The coolest custom gear spotted at the 2021 U.S. Open at Torrey Pines

Check out some of our favorite gear spotted at Torrey Pines.

Andrew Tursky

It’s U.S. Open week at Torrey Pines, which means players are doing everything they can to get their games firing on all cylinders. They’re making last-minute tweaks to their swing, preparing a course strategy and, of course, ensuring their gear is perfectly dialed in to play their best.

After perusing the gear setups of some of the top players in the world this week, I noticed a number of notable equipment changes and customized pieces of equipment; everything from lead tape on golf clubs to custom bags made by manufacturers.

Below is a rundown of standout custom equipment from the 2021 U.S. Open. Let’s get into it!

U.S. Open bags and headcovers

There was plenty of source material for equipment manufacturers to create custom staff bags this week. TaylorMade and Srixon went for the retro SoCal vibe, while Callaway went with a red-white-and-blue color scheme to celebrate our nation’s event.

Ping also joined the party with stars-and-stripes headcovers, as seen hanging from Tyrrell Hatton’s golf bag.

Custom wedge stampings

Already known for his Happy Gilmore custom stamping, Will Zalatoris has two new stampings on his Titleist wedges. On his 55-degree Vokey SM8, Zalatoris has an Owen Wilson reference; Zalatoris looks a bit like the actor, and Wilson’s trademark “Wow” — which he says in several movies — is stamped on a wedge. Then, on his 60-degree WedgeWorks wedge, Zalatoris has what can only be assumed is a reference to his skinny frame: “If he lays down sideways ya can’t see him.”

Max Homa’s Vokey SM8 wedges are especially American. They’re also unique because most Vokey wedges are printed with the loft number, but Homa’s pitching wedge is stamped with a custom “P” instead.

Horschel’s ultra-custom irons

It’s not uncommon for players to apply a bit of lead tape to their irons in order to manipulate CG (center of gravity) or head weighting. Billy Horschel’s irons have more than just a few strips of lead tape on them, though. In order to change the performance of his irons, Horschel and the Titleist team bent his 620 MB irons by 4 degrees per iron, which also added bounce and changed the offset. The soles have a custom grind on them, and the numbers on the irons have been changed to reflect their new lofts. That’s a new level of customization.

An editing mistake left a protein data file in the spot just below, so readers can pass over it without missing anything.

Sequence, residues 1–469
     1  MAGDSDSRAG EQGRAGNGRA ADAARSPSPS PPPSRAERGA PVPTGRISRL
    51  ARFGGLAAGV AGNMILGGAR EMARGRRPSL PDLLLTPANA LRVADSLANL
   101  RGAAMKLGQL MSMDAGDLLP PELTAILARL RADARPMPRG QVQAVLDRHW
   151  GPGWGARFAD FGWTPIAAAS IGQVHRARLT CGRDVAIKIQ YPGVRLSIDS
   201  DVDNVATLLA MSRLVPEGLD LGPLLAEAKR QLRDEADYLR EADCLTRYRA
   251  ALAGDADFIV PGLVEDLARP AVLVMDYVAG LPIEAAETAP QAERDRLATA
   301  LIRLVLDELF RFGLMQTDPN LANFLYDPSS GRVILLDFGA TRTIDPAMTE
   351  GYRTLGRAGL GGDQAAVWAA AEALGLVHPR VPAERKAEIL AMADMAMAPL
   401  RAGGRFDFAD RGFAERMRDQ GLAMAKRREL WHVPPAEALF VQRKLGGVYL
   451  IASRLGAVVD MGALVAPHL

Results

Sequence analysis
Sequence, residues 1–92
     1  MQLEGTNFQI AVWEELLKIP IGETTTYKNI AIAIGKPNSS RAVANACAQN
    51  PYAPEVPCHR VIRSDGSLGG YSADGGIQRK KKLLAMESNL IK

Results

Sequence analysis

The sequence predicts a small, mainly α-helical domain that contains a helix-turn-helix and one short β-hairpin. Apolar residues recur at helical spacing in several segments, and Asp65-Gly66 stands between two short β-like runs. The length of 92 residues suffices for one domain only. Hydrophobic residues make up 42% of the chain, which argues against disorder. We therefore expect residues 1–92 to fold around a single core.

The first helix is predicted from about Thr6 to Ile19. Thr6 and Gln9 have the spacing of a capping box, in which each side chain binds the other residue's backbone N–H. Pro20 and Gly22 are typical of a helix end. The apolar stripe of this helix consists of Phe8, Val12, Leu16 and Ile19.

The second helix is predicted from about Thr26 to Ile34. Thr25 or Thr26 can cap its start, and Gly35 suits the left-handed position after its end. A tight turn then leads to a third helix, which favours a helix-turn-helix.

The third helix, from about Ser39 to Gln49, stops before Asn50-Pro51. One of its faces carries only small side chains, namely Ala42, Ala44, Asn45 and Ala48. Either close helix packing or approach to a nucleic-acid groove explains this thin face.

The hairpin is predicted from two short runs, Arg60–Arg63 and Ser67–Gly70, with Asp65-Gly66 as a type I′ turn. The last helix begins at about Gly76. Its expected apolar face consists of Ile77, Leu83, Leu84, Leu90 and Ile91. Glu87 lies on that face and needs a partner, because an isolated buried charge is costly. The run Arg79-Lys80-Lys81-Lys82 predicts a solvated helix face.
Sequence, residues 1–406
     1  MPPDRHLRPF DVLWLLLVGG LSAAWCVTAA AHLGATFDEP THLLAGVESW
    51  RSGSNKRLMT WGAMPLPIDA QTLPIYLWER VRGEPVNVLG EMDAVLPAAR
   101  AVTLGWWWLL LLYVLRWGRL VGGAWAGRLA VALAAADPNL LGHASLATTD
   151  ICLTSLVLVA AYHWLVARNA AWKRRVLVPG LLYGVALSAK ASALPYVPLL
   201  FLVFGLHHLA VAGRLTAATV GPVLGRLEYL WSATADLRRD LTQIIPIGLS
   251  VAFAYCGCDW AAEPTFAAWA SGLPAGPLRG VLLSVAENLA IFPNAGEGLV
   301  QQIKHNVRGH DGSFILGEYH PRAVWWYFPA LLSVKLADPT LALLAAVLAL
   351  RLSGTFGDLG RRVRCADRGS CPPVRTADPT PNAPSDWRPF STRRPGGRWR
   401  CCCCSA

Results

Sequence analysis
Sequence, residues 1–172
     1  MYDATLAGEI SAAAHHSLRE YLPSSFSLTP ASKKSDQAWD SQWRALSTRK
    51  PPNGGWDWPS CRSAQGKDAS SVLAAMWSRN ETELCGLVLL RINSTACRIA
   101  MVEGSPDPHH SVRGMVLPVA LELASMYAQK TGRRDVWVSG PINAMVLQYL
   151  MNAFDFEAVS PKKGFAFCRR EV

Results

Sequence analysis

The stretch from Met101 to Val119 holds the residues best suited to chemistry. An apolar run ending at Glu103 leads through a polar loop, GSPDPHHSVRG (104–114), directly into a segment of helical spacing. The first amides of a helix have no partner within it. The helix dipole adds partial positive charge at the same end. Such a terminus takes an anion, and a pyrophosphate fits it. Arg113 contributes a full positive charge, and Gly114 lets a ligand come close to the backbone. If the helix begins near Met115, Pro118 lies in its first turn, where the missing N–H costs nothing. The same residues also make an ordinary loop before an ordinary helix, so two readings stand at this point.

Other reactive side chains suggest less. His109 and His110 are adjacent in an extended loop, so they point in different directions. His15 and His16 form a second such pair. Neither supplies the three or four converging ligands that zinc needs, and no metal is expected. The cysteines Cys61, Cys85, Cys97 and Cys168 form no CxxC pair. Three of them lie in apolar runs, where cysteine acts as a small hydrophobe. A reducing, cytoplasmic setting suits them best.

Justin Thomas switches to his backup

For years, Justin Thomas has used a custom Scotty Cameron X 5.5 “Inspired By” putter, which was the predecessor to the new Phantom X 5.5. Thomas is staying in the same head shape, but he’s switching things up a little bit by going to his backup (pictured on the left). Compared to his previous gamer (pictured on the right), Thomas’ backup has a slightly different matte finish, and a smooth face rather than a milled face. According to Scotty Cameron rep Drew Page, Thomas just wanted to try out a slightly different feel off the face after trying it out at home.

Andrew Tursky (left) and Getty Images

Charl Schwartzel’s custom irons and wedges

Charl Schwartzel, who we know likes to tinker with his irons himself, has Miura MB 001 irons in the bag with a few strips of lead tape on the back of each iron to affect weighting. He also plays with custom Artisan Golf wedges with a South African colorway. If you look close enough at his wedges, you can see three circular shapes on the sole, which typically indicates that Tungsten plugs have been added to shift weight in the heads.

Xander Schauffele’s razor-sharp putter

Xander Schauffele recently switched to an armlock-style Odyssey O-Works Red No. 7 CH putter, and he made some changes to the head for this week. In order to dial in his launch and spin, Odyssey rep Joe Toulon added a bunch of lead tape to the sole — about 30 grams — to move weight downward, and they slightly lowered loft on the head to induce more top spin. For those wondering how the application of lead tape looks so smooth, Toulon said he simply used a razor to smooth it out and trim along the edges.

Want to overhaul your bag for 2021? Find a fitting location near you at GOLF’s affiliate company True Spec Golf. For more on the latest gear news and information, check out our latest Fully Equipped podcast below!

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Andrew Tursky Editor

Andrew Tursky is the Senior Equipment Editor at GOLF Magazine and